September 2016
Volume 57, Issue 12
Open Access
ARVO Annual Meeting Abstract  |   September 2016
Examining retinal structure and function in brain injury patients with homonymous hemianopia
Author Affiliations & Notes
  • Jakaria Mostafa
    College of Optometry, University of Houston, Houston, Texas, United States
  • Suzanne Wickum
    College of Optometry, University of Houston, Houston, Texas, United States
  • Laura J Frishman
    College of Optometry, University of Houston, Houston, Texas, United States
  • Jason Porter
    College of Optometry, University of Houston, Houston, Texas, United States
  • Footnotes
    Commercial Relationships   Jakaria Mostafa, None; Suzanne Wickum, None; Laura Frishman, None; Jason Porter, None
  • Footnotes
    Support  NIH Grant P30 EY007551, Fight for Sight Summer Student Fellowship, University of Houston College of Optometry
Investigative Ophthalmology & Visual Science September 2016, Vol.57, 5989. doi:
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      Jakaria Mostafa, Suzanne Wickum, Laura J Frishman, Jason Porter; Examining retinal structure and function in brain injury patients with homonymous hemianopia. Invest. Ophthalmol. Vis. Sci. 2016;57(12):5989.

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      © ARVO (1962-2015); The Authors (2016-present)

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Abstract

Purpose : Recent studies report structural damage to retinal ganglion cells and their axons following an acquired cortical lesion, possibly due to retrograde degeneration. Building on these works, we sought to quantify (1) the extent to which abnormalities exist in inner retinal structure and function in brain injury patients with homonymous hemianopias (HHs) and (2) how retinal alterations relate to functional abnormalities of the central visual pathway.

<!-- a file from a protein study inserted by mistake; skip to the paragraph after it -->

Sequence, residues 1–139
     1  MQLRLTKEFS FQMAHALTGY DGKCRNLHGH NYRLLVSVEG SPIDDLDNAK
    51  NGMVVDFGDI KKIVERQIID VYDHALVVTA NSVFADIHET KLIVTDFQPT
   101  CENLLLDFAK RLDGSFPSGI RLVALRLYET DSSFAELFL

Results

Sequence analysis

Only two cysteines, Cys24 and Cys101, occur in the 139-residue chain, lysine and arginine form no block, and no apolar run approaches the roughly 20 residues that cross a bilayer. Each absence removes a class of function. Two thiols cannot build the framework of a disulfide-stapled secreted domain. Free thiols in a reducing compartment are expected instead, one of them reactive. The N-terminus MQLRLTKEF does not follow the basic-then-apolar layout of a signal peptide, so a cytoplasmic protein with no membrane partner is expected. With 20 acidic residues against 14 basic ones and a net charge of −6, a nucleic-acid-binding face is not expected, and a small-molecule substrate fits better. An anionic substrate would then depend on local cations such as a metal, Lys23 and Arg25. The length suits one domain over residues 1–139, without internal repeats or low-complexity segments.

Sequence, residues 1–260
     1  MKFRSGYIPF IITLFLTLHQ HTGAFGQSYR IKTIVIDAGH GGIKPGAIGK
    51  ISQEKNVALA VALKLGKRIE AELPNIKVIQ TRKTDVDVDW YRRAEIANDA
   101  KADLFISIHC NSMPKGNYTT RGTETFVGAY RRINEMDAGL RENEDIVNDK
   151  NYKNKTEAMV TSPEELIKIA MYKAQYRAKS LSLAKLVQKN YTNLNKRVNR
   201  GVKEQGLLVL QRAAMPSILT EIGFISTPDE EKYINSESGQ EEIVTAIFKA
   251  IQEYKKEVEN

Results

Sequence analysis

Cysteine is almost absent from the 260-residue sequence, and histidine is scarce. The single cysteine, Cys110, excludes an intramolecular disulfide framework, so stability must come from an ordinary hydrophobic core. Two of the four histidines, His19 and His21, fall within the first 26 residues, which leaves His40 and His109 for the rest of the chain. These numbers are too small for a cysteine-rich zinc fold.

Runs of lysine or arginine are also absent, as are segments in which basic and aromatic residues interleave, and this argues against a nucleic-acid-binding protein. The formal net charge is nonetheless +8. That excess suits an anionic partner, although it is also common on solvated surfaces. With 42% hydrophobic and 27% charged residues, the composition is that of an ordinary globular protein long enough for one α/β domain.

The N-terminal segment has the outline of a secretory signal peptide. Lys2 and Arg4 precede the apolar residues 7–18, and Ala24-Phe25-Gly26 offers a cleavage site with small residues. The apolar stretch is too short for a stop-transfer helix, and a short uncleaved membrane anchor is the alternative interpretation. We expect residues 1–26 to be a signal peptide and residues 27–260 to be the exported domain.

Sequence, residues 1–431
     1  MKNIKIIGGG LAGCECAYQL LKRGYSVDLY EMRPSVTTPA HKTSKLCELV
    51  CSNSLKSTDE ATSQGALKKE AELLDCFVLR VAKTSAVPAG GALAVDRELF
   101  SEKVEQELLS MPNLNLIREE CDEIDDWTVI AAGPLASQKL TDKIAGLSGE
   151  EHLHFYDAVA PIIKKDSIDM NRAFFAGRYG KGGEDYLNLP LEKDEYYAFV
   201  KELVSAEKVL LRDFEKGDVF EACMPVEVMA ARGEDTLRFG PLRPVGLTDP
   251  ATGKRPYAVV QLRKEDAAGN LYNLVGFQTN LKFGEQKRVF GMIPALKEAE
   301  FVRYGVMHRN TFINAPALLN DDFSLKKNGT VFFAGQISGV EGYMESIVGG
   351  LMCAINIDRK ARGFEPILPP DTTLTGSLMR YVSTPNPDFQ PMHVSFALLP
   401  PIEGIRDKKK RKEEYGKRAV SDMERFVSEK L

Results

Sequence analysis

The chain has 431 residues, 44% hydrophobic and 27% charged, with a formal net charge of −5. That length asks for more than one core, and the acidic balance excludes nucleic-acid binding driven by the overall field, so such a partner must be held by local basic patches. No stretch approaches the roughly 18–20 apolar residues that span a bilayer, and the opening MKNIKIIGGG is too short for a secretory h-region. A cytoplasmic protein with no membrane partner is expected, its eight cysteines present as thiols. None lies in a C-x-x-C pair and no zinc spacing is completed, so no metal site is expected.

Methods : Volume scans of the macula and optic nerve head were acquired with spectral domain optical coherence tomography in 24 eyes of 12 HH patients (5 stroke, 7 traumatic brain injury [TBI]; time post-injury = 2.5 ± 2.8 years, range: 6 months – 9 years). Peripapillary retinal nerve fiber layer thickness (RNFLT) and macular ganglion cell-inner plexiform layer thickness (GCIPLT) were quantified globally and in sectors, and compared with instrument-based normative data. Photopic negative response (PhNR) amplitudes were measured using the full-field flash electroretinogram and compared to normative data. Mean deviation (MD) was quantified via 30-2 standard automated perimetry. Structural and functional measures were related on global and local scales.

Results : Global or sectoral GCIPLT, RNFLT and PhNR amplitude were reduced in 79%, 71% and 50% of eyes, respectively. Global measures of inner retinal (GCIPLT) and axonal (RNFLT) structure were thinner in eyes in which more time elapsed since injury (R2=0.42 and 0.62, respectively). The significant linear relationships (P<.05) found across eyes between MD and (1) global GCIPLT (R2=0.29), (2) global RNFLT (R2=0.17) and (3) PhNR amplitude (R2=0.19) support that eyes with more extensive field loss tend to have more abnormalities in inner retinal structure and function. GCIPLT measures were abnormal with significantly greater frequency in retinal sectors corresponding to the side of hemianopic field loss versus those corresponding to the side with spared vision (P<.05, chi-squared test).

Conclusions : Preferential damage of inner retinal structure in locations corresponding to the side of hemianopic field loss and the higher prevalence of inner retinal structural damage in long-standing brain injury patients are suggestive of retrograde degeneration. A better understanding of changes in inner retinal structure and function may provide insights on the pathology involved in visual impairment following brain injury.

This is an abstract that was submitted for the 2016 ARVO Annual Meeting, held in Seattle, Wash., May 1-5, 2016.

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